Kabala manor (with the name Cabbal in Pilistvere pastorate books) was a manor in Pilistvere parish, Viljandimaa. Nowadays the manor territory greatly overlaps with Türi municiplaity in Järva county. In the year 1905 Kabala was housing the manor owners self protection headquarters. Since the year 1923 the main building of the manor houses Kabala school, later on a kindergarten also followed. Historically the heart of the manor was tunneled by Türi-Viljandi road (today it is Türi-Arkma road), now as a result of straightening the road runs its course a few hundred meters to the West.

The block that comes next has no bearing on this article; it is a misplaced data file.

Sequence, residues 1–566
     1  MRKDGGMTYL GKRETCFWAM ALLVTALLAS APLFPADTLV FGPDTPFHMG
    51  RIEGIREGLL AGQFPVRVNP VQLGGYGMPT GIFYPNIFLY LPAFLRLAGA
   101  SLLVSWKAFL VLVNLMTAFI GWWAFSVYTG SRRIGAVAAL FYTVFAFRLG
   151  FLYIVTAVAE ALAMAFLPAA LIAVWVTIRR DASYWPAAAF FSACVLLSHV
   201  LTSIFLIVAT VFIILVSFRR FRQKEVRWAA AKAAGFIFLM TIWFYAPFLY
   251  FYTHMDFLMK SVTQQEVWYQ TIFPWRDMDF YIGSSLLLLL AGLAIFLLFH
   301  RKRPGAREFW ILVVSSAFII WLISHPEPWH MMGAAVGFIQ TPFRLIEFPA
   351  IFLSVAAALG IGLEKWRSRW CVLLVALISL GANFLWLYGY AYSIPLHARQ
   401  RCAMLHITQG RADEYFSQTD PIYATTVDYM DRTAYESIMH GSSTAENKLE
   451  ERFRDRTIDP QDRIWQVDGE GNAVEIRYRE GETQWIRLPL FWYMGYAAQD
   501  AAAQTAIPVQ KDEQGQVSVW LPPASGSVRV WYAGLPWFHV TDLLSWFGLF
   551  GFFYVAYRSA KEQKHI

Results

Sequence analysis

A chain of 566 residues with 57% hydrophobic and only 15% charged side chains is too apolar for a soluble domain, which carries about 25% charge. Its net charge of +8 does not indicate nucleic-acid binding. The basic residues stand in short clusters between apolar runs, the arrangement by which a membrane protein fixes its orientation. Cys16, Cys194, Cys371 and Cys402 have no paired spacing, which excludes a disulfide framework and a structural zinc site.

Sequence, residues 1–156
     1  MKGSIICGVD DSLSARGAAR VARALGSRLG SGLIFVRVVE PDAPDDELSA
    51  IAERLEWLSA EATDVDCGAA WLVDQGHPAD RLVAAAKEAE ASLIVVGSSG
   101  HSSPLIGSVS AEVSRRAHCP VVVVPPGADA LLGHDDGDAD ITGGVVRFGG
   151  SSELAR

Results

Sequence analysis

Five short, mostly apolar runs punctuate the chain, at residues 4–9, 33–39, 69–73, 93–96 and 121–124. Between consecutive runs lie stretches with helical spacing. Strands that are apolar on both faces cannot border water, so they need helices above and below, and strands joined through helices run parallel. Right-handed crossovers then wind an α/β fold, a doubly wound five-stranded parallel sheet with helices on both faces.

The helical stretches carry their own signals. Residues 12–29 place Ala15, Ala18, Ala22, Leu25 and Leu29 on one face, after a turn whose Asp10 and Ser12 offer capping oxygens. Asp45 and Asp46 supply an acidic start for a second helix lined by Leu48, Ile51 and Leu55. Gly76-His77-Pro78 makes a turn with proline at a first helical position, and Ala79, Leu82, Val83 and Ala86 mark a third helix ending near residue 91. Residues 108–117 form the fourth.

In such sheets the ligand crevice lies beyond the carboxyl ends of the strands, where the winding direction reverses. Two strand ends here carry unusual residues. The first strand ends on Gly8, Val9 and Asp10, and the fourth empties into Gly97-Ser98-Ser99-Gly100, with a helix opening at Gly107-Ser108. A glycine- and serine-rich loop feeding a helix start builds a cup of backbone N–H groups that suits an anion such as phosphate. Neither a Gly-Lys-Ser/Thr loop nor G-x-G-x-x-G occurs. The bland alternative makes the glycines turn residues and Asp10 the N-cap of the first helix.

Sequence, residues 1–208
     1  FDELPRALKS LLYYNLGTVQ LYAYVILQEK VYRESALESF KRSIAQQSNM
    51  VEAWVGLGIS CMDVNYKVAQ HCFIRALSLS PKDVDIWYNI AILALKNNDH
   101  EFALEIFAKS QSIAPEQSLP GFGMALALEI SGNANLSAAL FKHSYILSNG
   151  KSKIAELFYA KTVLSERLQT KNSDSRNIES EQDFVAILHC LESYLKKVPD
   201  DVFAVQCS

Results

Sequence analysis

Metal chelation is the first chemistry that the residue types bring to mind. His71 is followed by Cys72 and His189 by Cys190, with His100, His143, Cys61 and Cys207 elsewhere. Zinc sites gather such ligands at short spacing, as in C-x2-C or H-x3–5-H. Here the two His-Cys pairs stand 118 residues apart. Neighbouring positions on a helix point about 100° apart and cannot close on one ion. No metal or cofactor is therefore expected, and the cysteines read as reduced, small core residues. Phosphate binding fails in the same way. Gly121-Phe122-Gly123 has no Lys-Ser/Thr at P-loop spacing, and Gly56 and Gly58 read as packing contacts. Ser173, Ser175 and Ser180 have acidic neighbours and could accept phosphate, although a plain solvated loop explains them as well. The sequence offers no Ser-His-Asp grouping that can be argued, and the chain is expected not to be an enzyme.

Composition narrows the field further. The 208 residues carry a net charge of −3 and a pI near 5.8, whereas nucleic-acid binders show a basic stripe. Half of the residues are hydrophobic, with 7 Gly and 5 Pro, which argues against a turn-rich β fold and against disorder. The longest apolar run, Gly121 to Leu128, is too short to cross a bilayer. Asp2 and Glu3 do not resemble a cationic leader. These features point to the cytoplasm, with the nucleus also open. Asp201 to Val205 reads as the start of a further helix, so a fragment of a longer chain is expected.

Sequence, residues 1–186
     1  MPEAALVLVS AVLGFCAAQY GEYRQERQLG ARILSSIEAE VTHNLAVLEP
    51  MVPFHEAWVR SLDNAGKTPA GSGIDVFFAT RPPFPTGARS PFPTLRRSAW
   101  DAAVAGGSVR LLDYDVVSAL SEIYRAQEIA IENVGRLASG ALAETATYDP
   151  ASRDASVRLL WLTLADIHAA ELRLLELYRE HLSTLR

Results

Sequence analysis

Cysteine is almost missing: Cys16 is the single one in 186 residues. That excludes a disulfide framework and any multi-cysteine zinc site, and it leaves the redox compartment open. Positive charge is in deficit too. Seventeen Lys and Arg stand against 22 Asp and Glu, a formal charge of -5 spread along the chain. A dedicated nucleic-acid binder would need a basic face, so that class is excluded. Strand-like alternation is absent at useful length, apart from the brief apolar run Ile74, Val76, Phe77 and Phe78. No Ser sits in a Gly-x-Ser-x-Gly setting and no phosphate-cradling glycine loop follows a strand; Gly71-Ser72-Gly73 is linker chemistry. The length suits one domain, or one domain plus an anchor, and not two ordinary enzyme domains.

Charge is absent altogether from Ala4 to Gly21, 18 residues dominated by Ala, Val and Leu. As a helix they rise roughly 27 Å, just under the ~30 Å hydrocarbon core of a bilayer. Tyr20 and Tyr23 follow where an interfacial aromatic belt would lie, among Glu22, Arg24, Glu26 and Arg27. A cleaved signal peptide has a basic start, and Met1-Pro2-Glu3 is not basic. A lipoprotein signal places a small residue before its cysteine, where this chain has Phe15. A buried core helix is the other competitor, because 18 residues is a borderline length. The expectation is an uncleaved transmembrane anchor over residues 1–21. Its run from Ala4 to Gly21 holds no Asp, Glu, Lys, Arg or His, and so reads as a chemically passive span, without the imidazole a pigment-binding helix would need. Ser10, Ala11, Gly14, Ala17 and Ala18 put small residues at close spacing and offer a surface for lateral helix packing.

From Kabala we headed to Imavere where we stumbled upon a really nice sight – namely there was Sassi ostrich farm on our way! Children were very excited to see the ostriches. The fields and meadows around the farm were neat and nicely maintained – as would great Estonian folks do. A few kilometers from Sassi farm there is Imavere Knight’s Manor – I have written about it in depth HERE, but since I didn’t take photos that time then I post these now! When driving to Tartu or Southern Estonia I especially like taking this road – although passing the village houses the journey is more time consuming, but at the same time it is great to have a look around. Even though Imavere manor is halfway to ruins, left without care and the newly built part of the edifice is plainly horrible, the surroundings of the manor are private and beautiful. Not like many other manors in Estonia it has plenty of land around – fields and forest – before the neighbour can start peeping into your window. It would make a wonderful location to found a SPA or a hotel complex.